An Excerpt from 10 Indian Languages and How They Came to Be

Karthik Venkatesh’s book, 10 Indian Languages and How They Came to Be, though categorised as a children’s book, is an interesting enough read for both young adults and adults. Packing quite a punch, the book, as the title says, is about ten Indian languages, culled from the thousand-odd languages spoken in India. It is about their evolution, transformation and development too.

Karthik traces the journey of these languages through time, while also examining the cultural shifts, the political and social influences that have managed to shape them. He also provides an interesting in depth glimpse of the literature in these languages, while tracking the growth of the scripts and identifies moments that have helped in their preservation. We bring you an excerpt that traces the very interesting overlapping of languages and the advent of Hinglish.


Hinglish is something most of us would have noticed. It is used in advertising jingles and Bollywood movie titles. This strengthens the impression that it is a recent phenomenon.

But it is actually a couple of centuries old. In 1827, Henry Louis Vivian Derozio (1809–31), India’s first English poet, in his poem ‘Ode—From the Persian of Half’ Queez’ wrote:

             Without thy dreams, dear opium,
             Without a single hope I am,
             Spicy scent, delusive joy;
             Chillum hither lao, my boy!

This was a sprinkling of Hindi in an English poem.

In 1887, Ayodhya Prasad Khatri (1857–1905), did the reverse—sprinkled English in Hindi in these lines about life under British rule:

             Rent Law ka gham karen ya Bill of Income Tax ka?
             Kya karen apna nahin hai sense right now-a-days.
             Darkness chhaaya hua hai Hind mein chaaro taraf
             Naam ki bhi hai nahin baaqi na light now-a-days.

So, what is Hinglish, really? Is it English with a sprinkling of Hindi words like what Derozio did? Or is it Hindi with a few English words or phrases thrown in, in the manner of Khatri? Also, is it only this hybrid of English and Hindi that needs to be looked at closely? What about the fact that English has also made its way into the other languages of India and that other hybrids have emerged as a result: Tanglish (Tamil and English), Kanglish (Kannada and English), Bonglish/Benglish (Bangla and English), Punglish (Punjabi and English) and so on. All of these are similar to the Hinglish phenomenon. So perhaps the correct name for these tongues should be ‘Inglish’.

Linguists call this phenomenon of multi-lingual speakers alternating between two or more languages during a single conversation, ‘code-switching’ or ‘code- mixing’. Code-switching is different from ‘borrowing’ when a word from one language is borrowed and used in another without translation. A good example of this are the words, ‘kindergarten’ (German for children’s garden), ‘bazaar’ (Persian for market) and ‘ballet’ (from French). Code-mixing goes beyond borrowing. It is to actually think and articulate in two or more languages to make oneself clearly understood. This khichdi of English and a local language is not an exclusively Indian phenomenon, though. Other such tongues exist: Spanglish (Spanish and English) has been observed in many parts of the US, and Taglish (Tagalog and English) is spoken in the Philippines.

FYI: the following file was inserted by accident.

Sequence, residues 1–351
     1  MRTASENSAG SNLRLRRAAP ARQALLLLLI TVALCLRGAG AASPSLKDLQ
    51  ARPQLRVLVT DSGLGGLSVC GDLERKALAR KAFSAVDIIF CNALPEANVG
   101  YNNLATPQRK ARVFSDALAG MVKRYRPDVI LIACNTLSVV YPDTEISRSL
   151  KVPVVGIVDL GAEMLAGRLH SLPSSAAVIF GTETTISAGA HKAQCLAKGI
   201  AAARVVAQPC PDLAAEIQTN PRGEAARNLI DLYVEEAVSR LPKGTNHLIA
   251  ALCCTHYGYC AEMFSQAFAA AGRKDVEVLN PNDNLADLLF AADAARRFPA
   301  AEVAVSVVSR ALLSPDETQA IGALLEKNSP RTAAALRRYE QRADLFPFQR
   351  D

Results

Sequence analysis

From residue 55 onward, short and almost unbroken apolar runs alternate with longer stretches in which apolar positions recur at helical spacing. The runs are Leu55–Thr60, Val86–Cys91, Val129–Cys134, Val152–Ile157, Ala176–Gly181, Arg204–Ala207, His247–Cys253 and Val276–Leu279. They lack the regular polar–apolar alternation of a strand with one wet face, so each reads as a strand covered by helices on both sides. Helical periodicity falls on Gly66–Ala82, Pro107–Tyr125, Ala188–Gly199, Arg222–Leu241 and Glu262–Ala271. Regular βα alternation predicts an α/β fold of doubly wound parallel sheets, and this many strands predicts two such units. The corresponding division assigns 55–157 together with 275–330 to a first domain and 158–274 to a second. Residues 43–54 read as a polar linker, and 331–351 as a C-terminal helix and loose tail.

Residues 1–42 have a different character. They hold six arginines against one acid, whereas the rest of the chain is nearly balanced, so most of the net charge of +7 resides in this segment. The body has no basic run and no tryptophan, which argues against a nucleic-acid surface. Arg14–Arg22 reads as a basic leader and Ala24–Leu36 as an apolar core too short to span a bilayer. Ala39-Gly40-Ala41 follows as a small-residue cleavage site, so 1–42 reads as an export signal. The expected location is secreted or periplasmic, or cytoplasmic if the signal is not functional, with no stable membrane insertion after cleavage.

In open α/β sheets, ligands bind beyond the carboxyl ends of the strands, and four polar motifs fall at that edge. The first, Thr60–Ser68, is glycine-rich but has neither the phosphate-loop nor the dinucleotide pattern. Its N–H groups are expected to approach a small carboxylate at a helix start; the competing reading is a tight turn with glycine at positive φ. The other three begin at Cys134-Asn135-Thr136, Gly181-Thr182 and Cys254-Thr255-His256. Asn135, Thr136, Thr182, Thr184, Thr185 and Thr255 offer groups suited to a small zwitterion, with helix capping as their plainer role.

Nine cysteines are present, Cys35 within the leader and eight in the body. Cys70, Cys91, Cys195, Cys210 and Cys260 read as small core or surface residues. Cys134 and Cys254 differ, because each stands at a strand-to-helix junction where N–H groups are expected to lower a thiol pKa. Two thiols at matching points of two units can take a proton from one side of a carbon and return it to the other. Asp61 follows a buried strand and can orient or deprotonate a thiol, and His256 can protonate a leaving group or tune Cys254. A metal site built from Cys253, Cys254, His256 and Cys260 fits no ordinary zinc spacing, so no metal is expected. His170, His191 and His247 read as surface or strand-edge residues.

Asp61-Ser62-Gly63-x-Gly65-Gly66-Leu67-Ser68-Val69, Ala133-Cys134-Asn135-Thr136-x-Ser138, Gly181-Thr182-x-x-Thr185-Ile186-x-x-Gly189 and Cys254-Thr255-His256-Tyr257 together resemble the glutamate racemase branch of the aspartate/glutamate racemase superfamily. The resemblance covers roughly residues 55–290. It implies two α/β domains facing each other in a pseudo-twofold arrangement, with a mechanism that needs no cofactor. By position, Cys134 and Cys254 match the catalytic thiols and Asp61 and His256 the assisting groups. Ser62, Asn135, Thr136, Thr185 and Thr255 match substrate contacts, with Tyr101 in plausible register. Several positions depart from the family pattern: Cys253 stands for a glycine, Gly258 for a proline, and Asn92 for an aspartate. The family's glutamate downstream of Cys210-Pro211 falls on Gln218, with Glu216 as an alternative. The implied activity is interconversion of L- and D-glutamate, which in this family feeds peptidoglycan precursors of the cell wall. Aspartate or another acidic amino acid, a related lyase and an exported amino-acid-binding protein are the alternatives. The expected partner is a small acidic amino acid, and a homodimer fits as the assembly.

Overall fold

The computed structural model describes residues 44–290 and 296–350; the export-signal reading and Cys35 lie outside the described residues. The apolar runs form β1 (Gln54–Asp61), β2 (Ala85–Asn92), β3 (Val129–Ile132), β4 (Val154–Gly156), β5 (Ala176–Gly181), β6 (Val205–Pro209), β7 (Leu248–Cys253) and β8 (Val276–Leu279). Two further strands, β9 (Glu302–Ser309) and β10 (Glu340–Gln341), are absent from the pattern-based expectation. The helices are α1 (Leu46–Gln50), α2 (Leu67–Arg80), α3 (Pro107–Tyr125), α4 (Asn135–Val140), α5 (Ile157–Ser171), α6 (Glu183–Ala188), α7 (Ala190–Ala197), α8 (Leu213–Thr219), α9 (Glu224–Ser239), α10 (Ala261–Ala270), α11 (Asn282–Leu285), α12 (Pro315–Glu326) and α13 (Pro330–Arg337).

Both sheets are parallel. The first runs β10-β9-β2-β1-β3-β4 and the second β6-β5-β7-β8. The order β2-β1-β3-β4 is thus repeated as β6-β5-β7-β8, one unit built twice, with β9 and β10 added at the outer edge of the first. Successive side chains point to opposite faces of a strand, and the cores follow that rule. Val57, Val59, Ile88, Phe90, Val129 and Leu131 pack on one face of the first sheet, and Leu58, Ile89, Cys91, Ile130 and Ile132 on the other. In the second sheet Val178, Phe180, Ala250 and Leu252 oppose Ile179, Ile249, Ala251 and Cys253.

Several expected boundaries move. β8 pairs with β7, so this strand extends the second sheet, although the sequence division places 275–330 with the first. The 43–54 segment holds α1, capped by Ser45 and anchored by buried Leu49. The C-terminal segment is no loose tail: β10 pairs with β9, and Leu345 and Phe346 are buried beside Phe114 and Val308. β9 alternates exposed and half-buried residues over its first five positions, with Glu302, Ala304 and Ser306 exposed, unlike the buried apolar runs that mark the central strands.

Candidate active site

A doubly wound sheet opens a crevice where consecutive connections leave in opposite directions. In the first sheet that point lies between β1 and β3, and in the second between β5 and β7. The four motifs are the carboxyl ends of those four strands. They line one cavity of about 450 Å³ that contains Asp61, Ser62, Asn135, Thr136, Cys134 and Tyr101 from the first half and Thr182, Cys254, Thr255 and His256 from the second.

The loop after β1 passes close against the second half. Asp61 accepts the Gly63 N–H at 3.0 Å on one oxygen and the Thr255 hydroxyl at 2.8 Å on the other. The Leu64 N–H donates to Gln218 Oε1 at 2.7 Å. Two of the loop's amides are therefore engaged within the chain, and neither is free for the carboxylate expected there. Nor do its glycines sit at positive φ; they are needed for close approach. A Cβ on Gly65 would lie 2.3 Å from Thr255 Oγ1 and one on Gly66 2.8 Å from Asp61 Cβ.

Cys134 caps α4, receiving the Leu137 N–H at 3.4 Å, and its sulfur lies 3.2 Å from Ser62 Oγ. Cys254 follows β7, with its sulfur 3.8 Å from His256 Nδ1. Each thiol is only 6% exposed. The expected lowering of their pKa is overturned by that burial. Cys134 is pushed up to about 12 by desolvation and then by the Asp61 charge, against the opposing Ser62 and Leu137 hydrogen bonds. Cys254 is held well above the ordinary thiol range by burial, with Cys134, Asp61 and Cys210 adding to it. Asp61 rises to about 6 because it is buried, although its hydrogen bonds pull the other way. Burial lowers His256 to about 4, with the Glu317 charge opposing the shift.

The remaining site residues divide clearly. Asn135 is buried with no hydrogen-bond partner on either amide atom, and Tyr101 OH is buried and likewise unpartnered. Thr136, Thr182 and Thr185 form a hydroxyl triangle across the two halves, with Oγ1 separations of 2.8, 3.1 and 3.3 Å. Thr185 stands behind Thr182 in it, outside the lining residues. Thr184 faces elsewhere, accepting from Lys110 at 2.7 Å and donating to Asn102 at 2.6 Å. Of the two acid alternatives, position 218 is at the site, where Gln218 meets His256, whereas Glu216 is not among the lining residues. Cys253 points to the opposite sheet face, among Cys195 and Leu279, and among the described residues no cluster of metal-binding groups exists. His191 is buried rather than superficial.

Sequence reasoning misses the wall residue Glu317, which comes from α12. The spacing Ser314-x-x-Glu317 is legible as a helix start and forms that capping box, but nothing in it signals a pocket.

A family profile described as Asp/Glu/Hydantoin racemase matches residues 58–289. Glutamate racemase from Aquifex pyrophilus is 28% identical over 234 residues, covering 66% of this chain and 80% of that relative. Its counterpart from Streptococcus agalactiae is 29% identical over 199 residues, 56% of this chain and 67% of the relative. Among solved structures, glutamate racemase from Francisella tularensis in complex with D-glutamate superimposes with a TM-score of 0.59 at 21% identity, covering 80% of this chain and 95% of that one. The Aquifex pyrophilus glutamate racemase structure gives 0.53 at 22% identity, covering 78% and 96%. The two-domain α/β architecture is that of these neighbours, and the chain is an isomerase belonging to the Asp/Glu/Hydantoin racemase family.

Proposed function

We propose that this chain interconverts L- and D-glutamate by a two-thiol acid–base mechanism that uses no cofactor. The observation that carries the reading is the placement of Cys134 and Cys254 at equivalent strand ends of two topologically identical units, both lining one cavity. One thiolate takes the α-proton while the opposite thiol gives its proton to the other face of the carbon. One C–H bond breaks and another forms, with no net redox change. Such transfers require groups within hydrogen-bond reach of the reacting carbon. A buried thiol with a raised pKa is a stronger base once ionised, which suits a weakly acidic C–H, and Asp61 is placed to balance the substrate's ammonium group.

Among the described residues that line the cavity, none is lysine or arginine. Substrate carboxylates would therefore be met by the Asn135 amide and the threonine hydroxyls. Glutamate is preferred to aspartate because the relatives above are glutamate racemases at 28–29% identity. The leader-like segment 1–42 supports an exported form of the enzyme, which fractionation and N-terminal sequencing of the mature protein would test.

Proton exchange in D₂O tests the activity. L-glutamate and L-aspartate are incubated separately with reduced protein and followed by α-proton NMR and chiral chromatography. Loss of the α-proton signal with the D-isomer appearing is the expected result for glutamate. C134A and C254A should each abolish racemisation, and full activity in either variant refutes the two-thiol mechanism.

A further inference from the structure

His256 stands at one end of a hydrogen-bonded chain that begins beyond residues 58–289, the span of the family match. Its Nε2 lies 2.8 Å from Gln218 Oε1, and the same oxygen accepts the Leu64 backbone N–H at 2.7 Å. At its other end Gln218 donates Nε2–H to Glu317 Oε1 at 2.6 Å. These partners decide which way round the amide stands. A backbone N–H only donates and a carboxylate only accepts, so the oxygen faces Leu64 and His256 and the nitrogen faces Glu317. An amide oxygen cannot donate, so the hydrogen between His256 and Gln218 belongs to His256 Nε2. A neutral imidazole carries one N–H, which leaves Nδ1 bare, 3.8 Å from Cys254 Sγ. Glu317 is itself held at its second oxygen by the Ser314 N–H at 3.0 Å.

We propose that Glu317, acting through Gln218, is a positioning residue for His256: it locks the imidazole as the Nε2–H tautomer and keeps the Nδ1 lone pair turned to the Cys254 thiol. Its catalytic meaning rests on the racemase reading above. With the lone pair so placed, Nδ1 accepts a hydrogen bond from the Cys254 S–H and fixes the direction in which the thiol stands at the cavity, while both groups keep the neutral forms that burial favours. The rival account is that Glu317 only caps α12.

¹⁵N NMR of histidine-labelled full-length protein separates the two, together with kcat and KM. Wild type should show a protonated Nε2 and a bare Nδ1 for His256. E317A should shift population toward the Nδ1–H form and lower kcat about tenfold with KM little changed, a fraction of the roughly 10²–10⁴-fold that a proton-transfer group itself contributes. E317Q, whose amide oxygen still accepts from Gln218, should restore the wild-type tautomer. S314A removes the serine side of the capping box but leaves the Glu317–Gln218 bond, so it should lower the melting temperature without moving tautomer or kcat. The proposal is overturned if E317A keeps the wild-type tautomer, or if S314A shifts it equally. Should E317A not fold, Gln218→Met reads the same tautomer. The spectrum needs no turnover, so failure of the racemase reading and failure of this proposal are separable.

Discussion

It is difficult to say when Inglish became a widely used tongue. But it is perhaps easier to identify how and why English invaded Indian language spaces. After Independence, some politicians tried to make Hindi the ‘national language’. This failed due to resistance from non-Hindi speakers and also because English was the language of higher education, law and trade. For a time, English and Hindi were in competition, with Hindi clearly ruling the heart, at least of some (Hindi films became popular nationally during this time) and English the head (as the language of education and ‘sophistication’). In time, knowing English became almost a necessity and it has become a symbol of modernity and aspiration. But forsaking Hindi (or local languages) is not an option either. Hinglish and Inglish therefore help bridge this gap.

More than anything else, Inglish is perhaps proof that English is now an Indian tongue and has found comfort and acceptance.

Karthik Venkatesh

Karthik Venkatesh grew up in Bangalore, speaking Tamil, Malayalam, Kannada, English, Dakhani and Hindi. He tried to learn French but failed. He did learn Punjabi though. Once an MBA, he later studied education and taught English and History in a school. He now edits for a living and writes whenever the fancy strikes him. Karthik lives in Bangalore with his wife Amarinder, children Geet and Neil, and dog Norah. He has plans to adopt another dog and have a mini aquarium. On weekday mornings, he often runs. On weekends, he naps.